A lorry driver who damaged his shoulder despite prior warnings to his employers about the dangerous way vehicles were being loaded with scrap and rubbish has received compensation.

Alan Snook, 61, from Frome, Somerset, was working as a shunter for Wincanton Logistics on the firm’s Comet contract when the accident happened in July 2009.

His job involved moving and unloading lorries full of scrap from Comet’s home delivery depots, and often the 40ft articulated lorries were full of discarded household appliances.

He had complained to bosses many times about the dangerous way the lorries were loaded. Items were often thrown in on top of one another and there had been several injuries to other employees in the past.

Injuries to chest, neck and shoulder

On the day of the accident Mr Snook opened the back of the lorry and without warning a fridge fell out hitting him. He suffered injuries to his chest, neck and shoulder, which meant he had to take four months off work.

For two months after the accident he was unable to drive. Shortly after the accident he was made redundant from Wincanton but once he was well enough he found a job as a long distance lorry driver which doesn’t involve any manual handling.

Following the accident he contacted his trade union, Unite the Union, which instructed Thompsons Solicitors to investigate a claim for compensation.

Thompsons argued that Wincanton should have made sure that there was a safe system in place to load the lorries to avoid this type of accident from happening.

Wincanton admitted liability and settled the claim out of court.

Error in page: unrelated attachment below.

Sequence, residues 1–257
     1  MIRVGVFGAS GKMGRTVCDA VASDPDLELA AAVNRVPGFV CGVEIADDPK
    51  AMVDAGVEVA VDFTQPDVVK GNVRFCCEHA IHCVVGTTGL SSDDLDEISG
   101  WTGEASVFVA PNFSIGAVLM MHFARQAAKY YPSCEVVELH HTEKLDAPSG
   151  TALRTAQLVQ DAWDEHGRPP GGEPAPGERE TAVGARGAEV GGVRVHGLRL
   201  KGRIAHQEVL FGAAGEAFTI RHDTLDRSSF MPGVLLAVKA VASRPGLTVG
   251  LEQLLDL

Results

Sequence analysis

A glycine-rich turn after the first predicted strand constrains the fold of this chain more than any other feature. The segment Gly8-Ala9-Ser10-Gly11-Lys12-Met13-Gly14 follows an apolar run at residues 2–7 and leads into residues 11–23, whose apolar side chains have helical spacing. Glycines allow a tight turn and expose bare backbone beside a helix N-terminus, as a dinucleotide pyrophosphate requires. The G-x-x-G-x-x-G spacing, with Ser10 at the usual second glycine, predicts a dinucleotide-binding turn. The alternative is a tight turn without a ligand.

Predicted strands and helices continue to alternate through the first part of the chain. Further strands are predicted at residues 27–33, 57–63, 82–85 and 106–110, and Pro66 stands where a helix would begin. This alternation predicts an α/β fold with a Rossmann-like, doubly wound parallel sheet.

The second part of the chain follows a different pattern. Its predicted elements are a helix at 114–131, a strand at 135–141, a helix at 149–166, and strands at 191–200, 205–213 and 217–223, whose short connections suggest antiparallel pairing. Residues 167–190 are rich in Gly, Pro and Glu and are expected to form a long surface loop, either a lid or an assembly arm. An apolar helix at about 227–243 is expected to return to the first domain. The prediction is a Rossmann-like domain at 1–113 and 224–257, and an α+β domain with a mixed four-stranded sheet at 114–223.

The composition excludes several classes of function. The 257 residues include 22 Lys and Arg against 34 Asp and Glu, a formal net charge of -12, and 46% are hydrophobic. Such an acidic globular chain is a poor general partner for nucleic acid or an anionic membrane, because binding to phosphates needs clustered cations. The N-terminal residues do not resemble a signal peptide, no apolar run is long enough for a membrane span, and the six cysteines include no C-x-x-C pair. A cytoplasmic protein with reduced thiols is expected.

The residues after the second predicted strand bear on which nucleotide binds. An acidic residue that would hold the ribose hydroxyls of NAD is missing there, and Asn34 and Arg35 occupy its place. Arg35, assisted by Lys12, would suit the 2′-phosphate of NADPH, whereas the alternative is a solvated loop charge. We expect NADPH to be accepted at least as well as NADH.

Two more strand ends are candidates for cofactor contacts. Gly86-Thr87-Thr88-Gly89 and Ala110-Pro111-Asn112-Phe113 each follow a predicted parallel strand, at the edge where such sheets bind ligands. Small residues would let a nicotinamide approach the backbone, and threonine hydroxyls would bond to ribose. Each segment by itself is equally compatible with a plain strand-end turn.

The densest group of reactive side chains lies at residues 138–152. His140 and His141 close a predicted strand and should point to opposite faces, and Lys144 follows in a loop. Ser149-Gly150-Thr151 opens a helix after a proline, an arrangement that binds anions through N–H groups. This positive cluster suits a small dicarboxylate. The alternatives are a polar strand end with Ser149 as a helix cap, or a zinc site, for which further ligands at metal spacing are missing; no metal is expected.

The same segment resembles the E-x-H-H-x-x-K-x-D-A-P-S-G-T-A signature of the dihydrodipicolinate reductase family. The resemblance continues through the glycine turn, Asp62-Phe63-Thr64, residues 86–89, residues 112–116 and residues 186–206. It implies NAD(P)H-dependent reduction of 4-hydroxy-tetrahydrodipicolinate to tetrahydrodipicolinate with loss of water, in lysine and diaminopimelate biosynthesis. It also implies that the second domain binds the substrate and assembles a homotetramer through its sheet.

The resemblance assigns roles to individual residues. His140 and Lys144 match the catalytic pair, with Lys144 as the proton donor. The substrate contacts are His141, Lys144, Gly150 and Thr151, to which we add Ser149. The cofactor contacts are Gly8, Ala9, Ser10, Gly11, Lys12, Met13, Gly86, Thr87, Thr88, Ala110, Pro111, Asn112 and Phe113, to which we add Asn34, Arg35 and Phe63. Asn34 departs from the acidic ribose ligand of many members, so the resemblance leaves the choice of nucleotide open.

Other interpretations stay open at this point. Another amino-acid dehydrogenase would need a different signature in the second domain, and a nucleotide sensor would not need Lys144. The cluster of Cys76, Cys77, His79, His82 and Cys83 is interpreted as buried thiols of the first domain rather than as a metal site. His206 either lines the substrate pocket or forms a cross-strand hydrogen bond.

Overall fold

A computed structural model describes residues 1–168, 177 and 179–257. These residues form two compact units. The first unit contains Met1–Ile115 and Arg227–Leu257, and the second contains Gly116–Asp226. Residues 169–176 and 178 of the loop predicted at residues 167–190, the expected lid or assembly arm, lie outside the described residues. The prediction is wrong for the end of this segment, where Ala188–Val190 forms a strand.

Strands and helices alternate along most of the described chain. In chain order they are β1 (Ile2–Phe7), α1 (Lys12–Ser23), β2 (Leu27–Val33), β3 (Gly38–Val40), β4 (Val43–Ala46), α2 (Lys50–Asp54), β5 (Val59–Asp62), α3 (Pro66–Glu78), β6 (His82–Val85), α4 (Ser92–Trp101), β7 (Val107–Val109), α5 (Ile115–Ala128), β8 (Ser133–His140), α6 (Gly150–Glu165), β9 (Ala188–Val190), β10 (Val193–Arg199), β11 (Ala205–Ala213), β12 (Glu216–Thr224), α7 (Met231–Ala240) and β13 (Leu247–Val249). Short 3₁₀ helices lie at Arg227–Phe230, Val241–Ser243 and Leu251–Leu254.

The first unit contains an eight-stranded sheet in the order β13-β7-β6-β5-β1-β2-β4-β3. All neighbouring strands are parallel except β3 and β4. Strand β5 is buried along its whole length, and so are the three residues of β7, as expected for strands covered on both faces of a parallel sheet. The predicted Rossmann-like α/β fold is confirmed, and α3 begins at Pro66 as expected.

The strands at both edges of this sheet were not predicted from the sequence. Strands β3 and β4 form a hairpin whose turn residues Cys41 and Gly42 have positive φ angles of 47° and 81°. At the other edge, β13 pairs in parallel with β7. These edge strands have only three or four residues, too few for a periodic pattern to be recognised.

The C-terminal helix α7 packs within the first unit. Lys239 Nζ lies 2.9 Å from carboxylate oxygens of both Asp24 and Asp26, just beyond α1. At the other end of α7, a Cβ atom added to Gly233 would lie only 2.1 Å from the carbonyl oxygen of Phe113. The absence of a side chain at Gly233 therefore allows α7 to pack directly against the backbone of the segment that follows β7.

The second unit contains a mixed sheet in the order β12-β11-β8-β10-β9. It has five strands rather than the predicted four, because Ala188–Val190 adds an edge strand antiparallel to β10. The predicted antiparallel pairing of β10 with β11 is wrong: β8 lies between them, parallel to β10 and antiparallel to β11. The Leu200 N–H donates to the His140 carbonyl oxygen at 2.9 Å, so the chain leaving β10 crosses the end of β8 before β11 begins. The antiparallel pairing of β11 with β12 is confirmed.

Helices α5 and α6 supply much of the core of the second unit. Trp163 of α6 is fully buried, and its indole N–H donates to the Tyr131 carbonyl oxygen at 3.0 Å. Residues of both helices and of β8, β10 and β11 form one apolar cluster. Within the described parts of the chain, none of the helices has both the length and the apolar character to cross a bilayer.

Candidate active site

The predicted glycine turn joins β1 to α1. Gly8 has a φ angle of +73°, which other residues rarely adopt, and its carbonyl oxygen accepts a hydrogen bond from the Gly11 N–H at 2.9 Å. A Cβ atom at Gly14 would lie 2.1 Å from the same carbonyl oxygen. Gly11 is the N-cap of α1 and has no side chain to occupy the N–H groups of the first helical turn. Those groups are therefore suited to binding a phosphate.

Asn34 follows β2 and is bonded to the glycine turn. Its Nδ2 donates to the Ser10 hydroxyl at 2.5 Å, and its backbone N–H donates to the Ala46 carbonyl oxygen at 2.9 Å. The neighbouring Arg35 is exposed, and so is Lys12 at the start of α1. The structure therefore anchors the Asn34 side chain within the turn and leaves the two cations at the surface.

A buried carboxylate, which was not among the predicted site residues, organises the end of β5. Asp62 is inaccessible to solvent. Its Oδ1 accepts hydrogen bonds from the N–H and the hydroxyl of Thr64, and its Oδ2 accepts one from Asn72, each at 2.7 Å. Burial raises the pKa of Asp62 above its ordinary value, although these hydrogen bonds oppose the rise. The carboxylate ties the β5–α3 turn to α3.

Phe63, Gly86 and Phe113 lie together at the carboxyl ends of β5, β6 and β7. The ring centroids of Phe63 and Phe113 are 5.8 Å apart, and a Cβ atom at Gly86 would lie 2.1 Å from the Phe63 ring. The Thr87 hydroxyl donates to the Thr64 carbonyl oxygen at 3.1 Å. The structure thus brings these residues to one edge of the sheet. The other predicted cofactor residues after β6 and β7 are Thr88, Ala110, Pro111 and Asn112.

Simple procedures and protocols would avoid this type of accident

Mr Snook said: “I’ve lost count of the times I spoke to bosses about the way the lorries were being loaded. Everything was just thrown in together and as a result many of my colleagues suffered injury. Our complaints were seen as ‘just moans’ and ignored and we had no choice but to get on with the job in hand.

“Unfortunately because there was no system I ended up with an injury which has affected the type of work I can take on. Luckily after I was made redundant from Wincanton I found a job which doesn’t involve heavy lifting.”

Livie Reid from Unite the Union added: “Waste management firms deal with potentially dangerous situations on a daily basis but simple procedures and protocols would avoid this type of accident from happening. It seems so obvious that you need a structure to make sure that lorries were loaded safely and yet it was never put in place and workers' lives were potentially in danger when they were unloaded.

Ian Cross from Thompsons Solicitors said: “Our client had warned managers about the dangerous way these lorries were being loaded but was ignored. As a result he was in danger of being hit by falling machines, almost all of them hard heavy and sharp every time he opened one of the lorries to unload it. He had no choice but to continue working in an unsafe environment and was ultimately injured due to his employer's complete disregard for health and safety.”